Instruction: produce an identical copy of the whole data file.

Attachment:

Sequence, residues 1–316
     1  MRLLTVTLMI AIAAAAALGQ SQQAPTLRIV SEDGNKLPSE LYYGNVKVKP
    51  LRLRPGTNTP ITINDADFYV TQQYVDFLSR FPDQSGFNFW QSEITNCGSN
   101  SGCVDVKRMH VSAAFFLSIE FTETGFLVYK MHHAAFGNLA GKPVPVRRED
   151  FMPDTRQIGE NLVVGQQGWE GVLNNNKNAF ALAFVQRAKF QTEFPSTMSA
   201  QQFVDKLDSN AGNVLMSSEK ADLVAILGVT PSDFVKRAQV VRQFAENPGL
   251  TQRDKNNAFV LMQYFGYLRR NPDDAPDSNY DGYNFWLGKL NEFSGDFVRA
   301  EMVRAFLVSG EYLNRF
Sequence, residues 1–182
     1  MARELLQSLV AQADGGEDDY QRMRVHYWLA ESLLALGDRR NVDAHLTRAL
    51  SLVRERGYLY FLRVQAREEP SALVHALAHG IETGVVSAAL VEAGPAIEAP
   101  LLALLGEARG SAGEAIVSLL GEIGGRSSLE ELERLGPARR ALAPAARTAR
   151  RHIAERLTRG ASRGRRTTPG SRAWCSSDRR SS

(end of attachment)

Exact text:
Sequence, residues 1–316
     1  MRLLTVTLMI AIAAAAALGQ SQQAPTLRIV SEDGNKLPSE LYYGNVKVKP
    51  LRLRPGTNTP ITINDADFYV TQQYVDFLSR FPDQSGFNFW QSEITNCGSN
   101  SGCVDVKRMH VSAAFFLSIE FTETGFLVYK MHHAAFGNLA GKPVPVRRED
   151  FMPDTRQIGE NLVVGQQGWE GVLNNNKNAF ALAFVQRAKF QTEFPSTMSA
   201  QQFVDKLDSN AGNVLMSSEK ADLVAILGVT PSDFVKRAQV VRQFAENPGL
   251  TQRDKNNAFV LMQYFGYLRR NPDDAPDSNY DGYNFWLGKL NEFSGDFVRA
   301  EMVRAFLVSG EYLNRF
Sequence, residues 1–182
     1  MARELLQSLV AQADGGEDDY QRMRVHYWLA ESLLALGDRR NVDAHLTRAL
    51  SLVRERGYLY FLRVQAREEP SALVHALAHG IETGVVSAAL VEAGPAIEAP
   101  LLALLGEARG SAGEAIVSLL GEIGGRSSLE ELERLGPARR ALAPAARTAR
   151  RHIAERLTRG ASRGRRTTPG SRAWCSSDRR SS